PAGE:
Not a stupid question: Consumers have different priorities, why should saving the planet be one of them?

Can “sustainability” be sold differently… Maybe more selfishly, to appeal to people’s highest priority, themselves?

Another Christmas come and gone, another New Year, and has society changed?

Has the Greta effect worked, or perhaps have we been inspired by the green messages of (globetrotting) celebrities like William Windsor, and David Attenborough?

Do we remain unmoved by the plight of the Earth, or are we slowly starting to change?

The continual uptake of plant-based diets is a significant, sustainable change which many individuals and families have made. But many who follow vegan diets still contribute to greenhouse gas emissions through other purchases such as fuel, energy, and fashion.

Much fewer sustainable alternatives are available to replace car fuel, aeroplane fuel, home energy and fast fashion however, and because of this, and in order to “live sustainably”, consumers need to go out of their way to find eco-alternatives.

But why should they do that?

People have busy lives, difficult lives in many instances. So why should people care about living cleaner, and less wastefully? That would surely be at the bottom of a consumer’s list of priorities.

And it is in most instances.

But maybe people just aren’t being sold “sustainability” suitably?

Perhaps the wrong benefits are being emphasised?

Instead of “saving the planet”, maybe consumers should be encouraged to “save their wallet”…

All that clutter used to be money, and that money used to be time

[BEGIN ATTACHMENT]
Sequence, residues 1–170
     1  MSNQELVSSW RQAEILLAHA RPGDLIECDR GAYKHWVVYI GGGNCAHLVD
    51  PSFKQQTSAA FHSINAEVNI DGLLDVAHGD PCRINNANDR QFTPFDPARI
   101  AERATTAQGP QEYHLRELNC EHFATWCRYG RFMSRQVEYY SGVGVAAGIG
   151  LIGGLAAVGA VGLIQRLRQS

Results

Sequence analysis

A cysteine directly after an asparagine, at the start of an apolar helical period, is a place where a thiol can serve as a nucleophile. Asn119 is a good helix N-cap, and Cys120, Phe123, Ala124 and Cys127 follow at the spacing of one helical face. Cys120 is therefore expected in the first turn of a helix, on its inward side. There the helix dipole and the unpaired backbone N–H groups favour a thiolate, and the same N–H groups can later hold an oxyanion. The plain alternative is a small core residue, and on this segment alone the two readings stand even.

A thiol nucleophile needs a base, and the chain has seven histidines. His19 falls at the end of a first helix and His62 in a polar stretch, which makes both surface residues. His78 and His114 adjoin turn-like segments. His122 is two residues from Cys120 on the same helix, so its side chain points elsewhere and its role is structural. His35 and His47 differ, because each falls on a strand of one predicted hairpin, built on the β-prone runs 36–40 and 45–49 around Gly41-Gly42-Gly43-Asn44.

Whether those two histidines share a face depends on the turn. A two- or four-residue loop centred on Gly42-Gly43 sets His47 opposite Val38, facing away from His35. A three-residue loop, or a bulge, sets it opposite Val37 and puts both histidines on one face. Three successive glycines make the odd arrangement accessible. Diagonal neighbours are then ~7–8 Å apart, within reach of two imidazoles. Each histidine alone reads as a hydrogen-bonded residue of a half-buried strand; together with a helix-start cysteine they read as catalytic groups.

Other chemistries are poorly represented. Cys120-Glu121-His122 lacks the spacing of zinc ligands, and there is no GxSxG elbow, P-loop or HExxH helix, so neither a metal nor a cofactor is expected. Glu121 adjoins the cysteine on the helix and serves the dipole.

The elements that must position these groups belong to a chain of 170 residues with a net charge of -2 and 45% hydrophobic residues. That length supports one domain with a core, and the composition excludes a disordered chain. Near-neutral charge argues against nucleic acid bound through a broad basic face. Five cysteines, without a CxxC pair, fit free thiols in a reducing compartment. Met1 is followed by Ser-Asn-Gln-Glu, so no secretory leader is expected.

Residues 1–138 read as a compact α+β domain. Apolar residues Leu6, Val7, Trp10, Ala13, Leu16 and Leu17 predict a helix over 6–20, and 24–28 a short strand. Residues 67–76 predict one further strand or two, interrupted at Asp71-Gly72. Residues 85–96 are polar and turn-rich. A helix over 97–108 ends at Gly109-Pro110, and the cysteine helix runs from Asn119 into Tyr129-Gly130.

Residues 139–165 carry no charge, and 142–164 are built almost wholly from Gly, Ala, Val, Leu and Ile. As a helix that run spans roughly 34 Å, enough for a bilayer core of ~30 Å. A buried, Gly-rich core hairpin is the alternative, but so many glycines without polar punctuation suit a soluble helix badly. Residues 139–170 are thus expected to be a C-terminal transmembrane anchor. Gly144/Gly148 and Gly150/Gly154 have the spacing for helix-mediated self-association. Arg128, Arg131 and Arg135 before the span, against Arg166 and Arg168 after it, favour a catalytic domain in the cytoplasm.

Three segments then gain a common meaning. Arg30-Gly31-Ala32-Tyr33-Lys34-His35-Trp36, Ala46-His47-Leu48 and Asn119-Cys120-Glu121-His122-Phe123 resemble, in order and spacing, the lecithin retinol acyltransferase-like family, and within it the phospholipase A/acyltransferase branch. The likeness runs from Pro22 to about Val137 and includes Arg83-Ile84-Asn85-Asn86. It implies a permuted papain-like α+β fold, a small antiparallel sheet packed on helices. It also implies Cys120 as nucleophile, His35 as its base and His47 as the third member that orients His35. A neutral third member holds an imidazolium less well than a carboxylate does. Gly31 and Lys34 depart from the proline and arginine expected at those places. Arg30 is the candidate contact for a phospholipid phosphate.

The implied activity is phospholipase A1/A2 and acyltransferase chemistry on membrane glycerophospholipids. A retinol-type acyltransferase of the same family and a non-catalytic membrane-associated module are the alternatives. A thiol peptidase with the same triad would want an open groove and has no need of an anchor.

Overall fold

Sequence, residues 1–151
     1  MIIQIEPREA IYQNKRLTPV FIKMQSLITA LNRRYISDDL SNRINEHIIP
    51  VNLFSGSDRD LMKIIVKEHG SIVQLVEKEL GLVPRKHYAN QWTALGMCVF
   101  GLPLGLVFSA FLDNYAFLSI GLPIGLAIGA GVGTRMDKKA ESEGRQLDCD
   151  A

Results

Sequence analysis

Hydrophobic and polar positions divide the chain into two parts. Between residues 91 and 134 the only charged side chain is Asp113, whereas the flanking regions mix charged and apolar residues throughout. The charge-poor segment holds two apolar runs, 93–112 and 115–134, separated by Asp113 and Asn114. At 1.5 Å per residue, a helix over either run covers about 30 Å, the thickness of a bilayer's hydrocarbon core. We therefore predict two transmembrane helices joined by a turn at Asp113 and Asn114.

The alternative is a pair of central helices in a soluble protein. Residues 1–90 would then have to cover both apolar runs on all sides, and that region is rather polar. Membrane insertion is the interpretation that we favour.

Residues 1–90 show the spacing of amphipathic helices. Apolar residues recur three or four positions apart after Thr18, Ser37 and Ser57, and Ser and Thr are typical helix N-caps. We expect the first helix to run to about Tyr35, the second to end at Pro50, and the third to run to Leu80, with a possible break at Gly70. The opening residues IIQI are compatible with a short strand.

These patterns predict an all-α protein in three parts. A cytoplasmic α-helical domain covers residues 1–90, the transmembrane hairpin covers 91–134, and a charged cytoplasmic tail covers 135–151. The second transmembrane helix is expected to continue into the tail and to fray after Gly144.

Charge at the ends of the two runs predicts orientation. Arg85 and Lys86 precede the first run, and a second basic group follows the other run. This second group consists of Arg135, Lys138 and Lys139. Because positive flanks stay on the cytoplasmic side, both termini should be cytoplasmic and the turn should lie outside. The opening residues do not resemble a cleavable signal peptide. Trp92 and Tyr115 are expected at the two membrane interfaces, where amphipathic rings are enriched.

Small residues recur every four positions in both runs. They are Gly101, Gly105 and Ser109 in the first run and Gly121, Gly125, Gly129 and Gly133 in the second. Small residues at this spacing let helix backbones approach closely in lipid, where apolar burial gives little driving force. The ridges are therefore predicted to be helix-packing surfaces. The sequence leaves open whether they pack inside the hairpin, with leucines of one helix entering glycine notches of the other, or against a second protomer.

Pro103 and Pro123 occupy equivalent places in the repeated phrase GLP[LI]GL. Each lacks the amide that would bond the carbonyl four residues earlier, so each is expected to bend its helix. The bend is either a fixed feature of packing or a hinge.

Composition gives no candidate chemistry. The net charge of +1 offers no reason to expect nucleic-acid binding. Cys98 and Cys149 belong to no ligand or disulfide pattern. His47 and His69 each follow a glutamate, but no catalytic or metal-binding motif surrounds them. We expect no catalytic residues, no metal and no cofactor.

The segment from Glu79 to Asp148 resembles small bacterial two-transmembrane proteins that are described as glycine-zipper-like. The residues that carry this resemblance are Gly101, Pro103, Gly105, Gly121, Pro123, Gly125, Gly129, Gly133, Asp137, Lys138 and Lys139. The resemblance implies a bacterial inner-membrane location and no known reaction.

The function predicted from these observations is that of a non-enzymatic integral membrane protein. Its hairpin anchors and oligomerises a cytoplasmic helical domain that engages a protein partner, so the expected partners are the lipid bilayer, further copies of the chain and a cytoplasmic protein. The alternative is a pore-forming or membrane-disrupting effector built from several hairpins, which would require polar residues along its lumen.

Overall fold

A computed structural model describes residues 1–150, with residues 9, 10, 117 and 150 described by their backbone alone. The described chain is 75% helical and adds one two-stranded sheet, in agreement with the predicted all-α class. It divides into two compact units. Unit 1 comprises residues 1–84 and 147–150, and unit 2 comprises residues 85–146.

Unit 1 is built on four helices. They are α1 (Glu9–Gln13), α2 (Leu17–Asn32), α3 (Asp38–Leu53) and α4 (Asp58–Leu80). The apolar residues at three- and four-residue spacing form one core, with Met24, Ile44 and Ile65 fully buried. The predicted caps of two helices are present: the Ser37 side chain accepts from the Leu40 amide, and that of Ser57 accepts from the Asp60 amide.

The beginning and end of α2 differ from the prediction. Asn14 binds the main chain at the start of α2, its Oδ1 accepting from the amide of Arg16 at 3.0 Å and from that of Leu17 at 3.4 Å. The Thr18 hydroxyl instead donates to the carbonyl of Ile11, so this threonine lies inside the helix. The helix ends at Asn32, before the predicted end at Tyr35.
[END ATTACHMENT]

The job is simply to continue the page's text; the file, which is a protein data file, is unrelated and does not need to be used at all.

So, every disposable item we buy and waste is money taken from our purses and dropped straight in the rubbish. But is this entirely accurate?

Money may buy us cheap, poorly-made goods, but it also buys us cheap, reasonably-made goods, and therefore, convenience.

So, whether as a sustainable option may be better made and may save us money in the long run, how many of us are patient enough to even wait “for the long run”?

How many of us instead prefer to replace items more regularly in order to avoid “shabbiness” or to follow new trends?

I recently saw a post on the #sustsinablefashionblogger Instagram hashtag which showed a fashion blogger standing before a pile of vintage clothes and holding a sign which read:

You can buy all the expensive vintage tees, but you can’t buy good vintage style


You know where you can buy style?

From fast-fashion juggernauts like Shein. And on Shein online, you can buy six items of clothing for the same price as one expensive, vintage tee.

It’s a similar story for other purveyors of fast fashion…

Wanting to be stylish isn’t a behaviour which changes, especially not among younger people (the biggest consumers of fast fashion), so how is it easiest to follow fashion, and remain ‘in style’?

For most people, you remain in some semblance ‘stylish’ by seeking the least expensive and most accessible options available.

If fashion is still important to vintage customers, can fast fashion consumers be blamed for adhering to new trends and their ever-changing rules?

These are the things which are important to consumers; seemingly shallow and unimportant things (in the vast scale of existence) such as popular fashion, something which is still more important than “saving the planet” to most consumers.

So, where does that leave you as a sustainable retailer?

Well, until there’s a shift in consumer priorities, the uphill battle to convince consumers to “live beyond themselves” will continue.

But can “sustainability” be sold differently… Maybe more selfishly, to appeal to people’s highest priority, themselves?

What sustainable goal can be achieved by customers making purchases which primarily, as far as they can see, will benefit themselves or their own?

How can sustainability indeed be made selfish?

Selling personal benefits to the buyer will always be the easiest route to convince a consumer to open their wallet.

So, how can you adapt your marketing to appeal to consumers who buy only to benefit themselves i.e. most people?

And how can you make your product more relevant to the Now and not simply The Future?

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